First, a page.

The Easel

24th May 2022

Cornelia Parker exposes the hidden meanings of everyday objects

Parker, a conceptual artist, is nothing if not resourceful. One work comprises the fragments of a garden shed, reassembled after being blown up by the military. There’s silverware flattened by a steamroller. A tapestry made in part by lawyers and criminals. These are objects each of which has a back story that changes their meaning. Parker describes it as “sympathetic magic”. The reviewer says its “a kind of alchemy, turning mundanity into profundity”.

Gainsborough’s ‘Blue Boy’

When Gainsborough painted this famous work, the “fancy picture” was fashionable. These were pictures intended for public viewing, sentimental and often featuring children. Blue Boy was intended as one of these but isn’t entirely successful. It is “rather brown” which, in reproductions, makes the blue stand out. This masks the “shortcomings of [Gainsborough’s] colour management … the fabric never really shines, it just tells us it does.”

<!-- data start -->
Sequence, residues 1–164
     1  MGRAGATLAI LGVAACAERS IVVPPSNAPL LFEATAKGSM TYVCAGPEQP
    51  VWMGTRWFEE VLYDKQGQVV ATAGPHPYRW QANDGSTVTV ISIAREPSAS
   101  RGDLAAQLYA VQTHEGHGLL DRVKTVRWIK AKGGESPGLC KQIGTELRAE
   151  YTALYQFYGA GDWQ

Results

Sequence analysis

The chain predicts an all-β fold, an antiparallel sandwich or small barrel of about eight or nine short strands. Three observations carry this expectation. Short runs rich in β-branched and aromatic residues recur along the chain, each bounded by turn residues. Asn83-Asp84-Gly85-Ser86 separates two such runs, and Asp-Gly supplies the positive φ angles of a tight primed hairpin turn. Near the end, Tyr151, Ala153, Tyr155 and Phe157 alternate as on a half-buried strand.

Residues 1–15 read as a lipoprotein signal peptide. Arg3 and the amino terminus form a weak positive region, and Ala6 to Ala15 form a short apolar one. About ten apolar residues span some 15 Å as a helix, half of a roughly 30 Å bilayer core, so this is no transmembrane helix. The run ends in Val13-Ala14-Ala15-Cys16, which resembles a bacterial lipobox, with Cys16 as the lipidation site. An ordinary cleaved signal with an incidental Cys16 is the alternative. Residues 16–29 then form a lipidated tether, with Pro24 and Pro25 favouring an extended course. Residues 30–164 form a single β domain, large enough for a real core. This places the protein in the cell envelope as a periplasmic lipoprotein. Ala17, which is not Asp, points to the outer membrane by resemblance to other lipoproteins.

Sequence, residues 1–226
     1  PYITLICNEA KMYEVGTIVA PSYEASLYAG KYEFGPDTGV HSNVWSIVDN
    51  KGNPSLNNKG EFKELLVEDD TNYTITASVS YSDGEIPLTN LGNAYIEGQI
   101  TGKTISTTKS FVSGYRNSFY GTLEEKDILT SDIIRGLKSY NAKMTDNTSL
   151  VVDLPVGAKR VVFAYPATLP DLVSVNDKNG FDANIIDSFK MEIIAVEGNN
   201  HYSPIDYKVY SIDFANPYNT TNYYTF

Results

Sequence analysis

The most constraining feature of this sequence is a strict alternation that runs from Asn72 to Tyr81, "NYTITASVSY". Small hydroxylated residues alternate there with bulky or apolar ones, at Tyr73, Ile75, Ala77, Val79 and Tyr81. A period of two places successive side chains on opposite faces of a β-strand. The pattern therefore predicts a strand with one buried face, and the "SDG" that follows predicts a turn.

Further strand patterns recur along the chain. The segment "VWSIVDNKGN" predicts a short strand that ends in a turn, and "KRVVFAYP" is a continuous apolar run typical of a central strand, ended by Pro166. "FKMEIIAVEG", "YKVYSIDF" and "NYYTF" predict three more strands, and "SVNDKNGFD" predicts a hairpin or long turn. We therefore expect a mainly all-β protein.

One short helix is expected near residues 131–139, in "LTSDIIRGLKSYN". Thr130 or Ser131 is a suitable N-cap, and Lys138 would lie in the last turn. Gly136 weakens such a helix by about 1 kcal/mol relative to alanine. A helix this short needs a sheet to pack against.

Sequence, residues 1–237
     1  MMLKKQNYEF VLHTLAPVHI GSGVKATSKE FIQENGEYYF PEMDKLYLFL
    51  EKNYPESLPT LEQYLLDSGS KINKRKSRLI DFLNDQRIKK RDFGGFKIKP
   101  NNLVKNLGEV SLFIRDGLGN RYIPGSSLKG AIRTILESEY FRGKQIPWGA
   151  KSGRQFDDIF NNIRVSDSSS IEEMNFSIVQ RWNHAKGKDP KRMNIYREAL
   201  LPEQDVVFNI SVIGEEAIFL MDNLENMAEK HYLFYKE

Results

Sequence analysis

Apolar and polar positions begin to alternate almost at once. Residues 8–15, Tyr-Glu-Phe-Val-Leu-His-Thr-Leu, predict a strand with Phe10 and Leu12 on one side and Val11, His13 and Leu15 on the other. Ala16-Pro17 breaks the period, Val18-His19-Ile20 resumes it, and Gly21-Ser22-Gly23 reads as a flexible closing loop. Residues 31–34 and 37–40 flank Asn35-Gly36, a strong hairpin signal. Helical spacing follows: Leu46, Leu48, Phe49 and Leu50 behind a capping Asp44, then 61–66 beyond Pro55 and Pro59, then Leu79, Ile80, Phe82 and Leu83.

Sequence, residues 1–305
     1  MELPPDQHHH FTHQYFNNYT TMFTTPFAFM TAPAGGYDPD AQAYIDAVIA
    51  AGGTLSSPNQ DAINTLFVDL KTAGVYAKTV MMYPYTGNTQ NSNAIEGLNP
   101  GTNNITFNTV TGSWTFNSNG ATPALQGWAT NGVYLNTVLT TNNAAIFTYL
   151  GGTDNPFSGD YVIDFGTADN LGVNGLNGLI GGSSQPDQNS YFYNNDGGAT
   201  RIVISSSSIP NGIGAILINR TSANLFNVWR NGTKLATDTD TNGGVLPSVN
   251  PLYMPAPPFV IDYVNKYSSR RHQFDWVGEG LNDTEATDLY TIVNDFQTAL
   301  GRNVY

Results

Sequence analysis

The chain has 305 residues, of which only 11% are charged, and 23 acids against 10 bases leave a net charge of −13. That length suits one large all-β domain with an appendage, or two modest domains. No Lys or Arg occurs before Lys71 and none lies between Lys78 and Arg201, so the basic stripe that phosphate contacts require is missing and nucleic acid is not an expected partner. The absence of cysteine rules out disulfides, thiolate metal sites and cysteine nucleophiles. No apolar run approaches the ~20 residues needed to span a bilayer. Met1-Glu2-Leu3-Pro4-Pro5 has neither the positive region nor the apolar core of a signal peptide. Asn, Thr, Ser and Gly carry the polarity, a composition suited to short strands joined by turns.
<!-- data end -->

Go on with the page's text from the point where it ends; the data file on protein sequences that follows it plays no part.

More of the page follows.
17th May 2022

Bringing The Procession to life

London’s Tate – founded on a Caribbean sugar fortune – must have seen this coming when awarding its annual installation commission to Locke, an artist of Caribbean heritage. Locke’s vast, “extraordinary” work contains over 100 cardboard and fabric figures, arranged in a flamboyant procession. A more careful look reveals colonialist icons and symbols everywhere, giving the colourful work a slightly sinister edge. “It’s about history, but it’s about sugar, you’re dealing with Tate, you have to deal with that.